30.04.2009

Politics & the Nation
  • An excellent editorial comment on Modi in the context of the Supreme Court ordered probe by SIT into the responsibility of Mr. Modi for the post-Godhra carnage
    • It is hardly a secret that, despite the current effort to deviate from his foundational vitriolic rhetoric, Modi retains an almost subliminal appeal for communal polarisation. 
Finance & Economy
  • Don't bank on an early recovery; warns IMF
    • Even as we were gleefully noting yesterday about PMI, LEI, CLI and a couple of other developemnts that were pointing to an early recovery -- at least in India -- the IMF and the RBI are pouring cold water over our hopes.
    • The IMF expects the global economy to contract by 1.3% in 2009. Recovery will happen in 2010 but it will decidedly be sluggish — growth will be only 1.9%, way below the 4.5-5% growth we saw in 2004-07. The RBI projects growth of just 6% for the Indian economy in 2009-10 which would be lower than the 6.5-7% growth estimate for 2008-09. 
  • Will the world see another Great Depression?
    • Giving us the above bits and pieces of information, TT Ram Mohan discusses this question in his op-ed piece in ET today.  Looks like he prefers to not take a definitive stance on the issue.  His take on the question:
    • There are striking similarities. As in the Great Depression, the present crisis is centred in the US and its effects have been felt by the rest of the world. Both crises have been marked by rapid credit expansion and high leverage. So also by funding problems at banks. 
    • But there are also reassuring differences. One is that policymakers have learnt how to respond and how to coordinate their responses. Secondly, global economic conditions before the Depression were much weaker. Germany was already in recession and prices in several countries, including the US, were already falling. So, with further slowing of economic activity, deflation set in quickly. 
    • In contrast, the global economy boomed for four years before the present crisis and inflation was above target until mid-2008. Moreover, the world was on the gold standard during the Depression. Under the gold standard, currency can be issued only in relation to the gold available in the country, so this limited the scope for monetary expansion during the Depression. 
    • The world is today far more integrated financially than at the time of the Depression and this is a huge negative. American banks and investors have pulled out funds from elsewhere, including emerging markets, partly because they are strapped for funds and partly because the American market seems safer in troubled times. 
  • India could make up to $100 bn in carbon trading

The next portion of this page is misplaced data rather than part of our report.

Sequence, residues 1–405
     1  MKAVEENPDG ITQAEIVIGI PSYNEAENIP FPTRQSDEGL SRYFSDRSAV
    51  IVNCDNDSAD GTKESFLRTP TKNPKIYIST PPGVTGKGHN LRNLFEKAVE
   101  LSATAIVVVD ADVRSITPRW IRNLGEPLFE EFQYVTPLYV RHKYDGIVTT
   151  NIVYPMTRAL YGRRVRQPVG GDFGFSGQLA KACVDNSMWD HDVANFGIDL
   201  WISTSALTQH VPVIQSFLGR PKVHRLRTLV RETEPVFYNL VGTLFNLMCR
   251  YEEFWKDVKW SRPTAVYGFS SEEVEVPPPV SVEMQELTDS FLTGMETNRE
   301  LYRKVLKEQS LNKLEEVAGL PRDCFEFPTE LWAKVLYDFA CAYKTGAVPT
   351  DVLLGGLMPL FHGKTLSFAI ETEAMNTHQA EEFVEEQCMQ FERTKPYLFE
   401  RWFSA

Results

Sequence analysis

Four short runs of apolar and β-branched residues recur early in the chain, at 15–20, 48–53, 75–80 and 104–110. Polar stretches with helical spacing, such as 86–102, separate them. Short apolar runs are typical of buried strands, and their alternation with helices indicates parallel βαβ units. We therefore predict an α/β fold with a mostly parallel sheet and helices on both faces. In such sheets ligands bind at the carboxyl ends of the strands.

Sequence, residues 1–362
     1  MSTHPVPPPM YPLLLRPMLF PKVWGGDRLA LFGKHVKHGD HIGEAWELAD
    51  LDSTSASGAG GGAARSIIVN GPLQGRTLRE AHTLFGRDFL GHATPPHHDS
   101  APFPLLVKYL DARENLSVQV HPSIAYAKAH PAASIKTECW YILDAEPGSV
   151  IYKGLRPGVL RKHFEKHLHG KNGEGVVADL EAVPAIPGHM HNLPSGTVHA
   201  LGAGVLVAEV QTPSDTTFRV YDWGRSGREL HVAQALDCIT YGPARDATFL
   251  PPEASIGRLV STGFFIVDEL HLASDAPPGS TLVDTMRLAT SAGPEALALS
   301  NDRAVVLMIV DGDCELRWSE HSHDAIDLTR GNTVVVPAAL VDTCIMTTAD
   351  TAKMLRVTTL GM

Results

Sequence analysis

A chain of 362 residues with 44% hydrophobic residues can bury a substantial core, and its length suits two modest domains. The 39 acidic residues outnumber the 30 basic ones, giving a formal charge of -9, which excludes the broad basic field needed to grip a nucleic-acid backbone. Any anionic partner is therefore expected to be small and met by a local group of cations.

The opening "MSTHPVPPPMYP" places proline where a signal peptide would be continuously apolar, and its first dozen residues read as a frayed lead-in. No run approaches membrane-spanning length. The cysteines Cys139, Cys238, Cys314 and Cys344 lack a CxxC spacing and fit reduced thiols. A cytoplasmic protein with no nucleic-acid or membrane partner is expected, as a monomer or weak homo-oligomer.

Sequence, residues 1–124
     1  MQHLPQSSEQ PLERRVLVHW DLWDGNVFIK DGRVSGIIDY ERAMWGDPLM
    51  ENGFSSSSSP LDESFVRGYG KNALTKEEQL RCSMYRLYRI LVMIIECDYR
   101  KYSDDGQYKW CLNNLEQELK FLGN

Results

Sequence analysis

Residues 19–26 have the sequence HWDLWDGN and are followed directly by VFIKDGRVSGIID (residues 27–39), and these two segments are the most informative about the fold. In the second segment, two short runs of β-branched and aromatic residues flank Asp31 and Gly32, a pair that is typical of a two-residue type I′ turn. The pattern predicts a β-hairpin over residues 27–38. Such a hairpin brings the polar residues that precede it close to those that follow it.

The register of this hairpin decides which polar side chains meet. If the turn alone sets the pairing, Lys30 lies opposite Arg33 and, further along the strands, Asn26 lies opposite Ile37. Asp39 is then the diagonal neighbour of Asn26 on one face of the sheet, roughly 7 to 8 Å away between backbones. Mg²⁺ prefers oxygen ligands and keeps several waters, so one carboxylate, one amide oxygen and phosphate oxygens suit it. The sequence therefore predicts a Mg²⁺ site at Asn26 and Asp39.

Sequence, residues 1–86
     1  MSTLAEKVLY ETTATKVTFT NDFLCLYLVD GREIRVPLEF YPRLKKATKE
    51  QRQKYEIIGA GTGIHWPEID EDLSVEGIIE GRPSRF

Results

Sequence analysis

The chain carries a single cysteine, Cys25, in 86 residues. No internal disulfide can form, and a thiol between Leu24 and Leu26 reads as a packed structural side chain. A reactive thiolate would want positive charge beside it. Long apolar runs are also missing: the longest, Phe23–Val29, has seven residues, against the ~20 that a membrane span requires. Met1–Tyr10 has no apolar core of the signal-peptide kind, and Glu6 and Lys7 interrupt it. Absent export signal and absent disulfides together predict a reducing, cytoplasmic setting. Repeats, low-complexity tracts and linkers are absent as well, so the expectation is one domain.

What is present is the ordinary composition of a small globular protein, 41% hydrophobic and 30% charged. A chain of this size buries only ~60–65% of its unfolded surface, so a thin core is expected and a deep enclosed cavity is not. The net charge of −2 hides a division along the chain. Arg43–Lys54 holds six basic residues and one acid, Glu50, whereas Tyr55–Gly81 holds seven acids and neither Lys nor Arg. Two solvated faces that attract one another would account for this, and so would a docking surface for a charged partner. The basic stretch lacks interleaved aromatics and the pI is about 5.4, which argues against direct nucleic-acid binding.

• This estimate is based on the fact that there are about 930 carbon credit projects already in the Indian carbon trade basket, while around 180 more such projects are likely to be added every year. 
    • India has already sold carbon credits worth $300 million. 
    • Companies in the developed economies buy carbon credits to offset their excess emissions. Carbon credits are issued to companies in the developing countries by an international authority for reducing emissions. 
  • Satyam's ADS money goes missing
    • All of us were first astonished at the revelations made by Satyam.  Some of the charges levelled against the company looked incredulous at least for some time.  But now it appears as though the skeletons are tumbling out of the closet one by one -- slowly but steadily.
    • Read this report.  You will know the import of what we are saying.
  • Kingfisher's cheque to AAI for Rs. 77 crore bounces!
    • It's an event that makes every one of us sit up take notice.  If such a thing is happening in respect of Kingfisher, what else is in store from the rest of the players in the aviation industry? 
    • The Indian aviation industry is faced with mounting losses due to falling passenger traffic and excess capacity. With revenue from sold seats dropping significantly in the past many months, Indian carriers are expected to post a combined loss of $2 billion this year. The hardest hit are bigger carries such as Air India, Kingfisher and Jet Airways. 
    • Kingfisher Airlines along with its low-fare subsidiary, Kingfisher Red is one of the largest debtors with AAI after national carrier Air India and Jet Airways. The airline industry together owes more than Rs 1,000 crore to AAI, which is the largest airport service provider.
Health
  • Titbits about some of the past pandemics
    • 1992, Mad cow disease; 
    • 2003, Sars; 
    • 2006, Bird flu; 
    • 2009 Swine flu.
    • The 1918-19 ‘Spanish flu’ pandemic killed an estimated 50 million people worldwide.
Language lessons
  • starry-eyed: Ajdective
    • Unrealistically or naively optimistic
    • eg: "a starry-eyed reformer"; "starry-eyed idealism"

1 Comment:

BK Chowla said...

Have you noticed,every time Modi is expected to walk into a trap...he jumps and takes it to his advantage.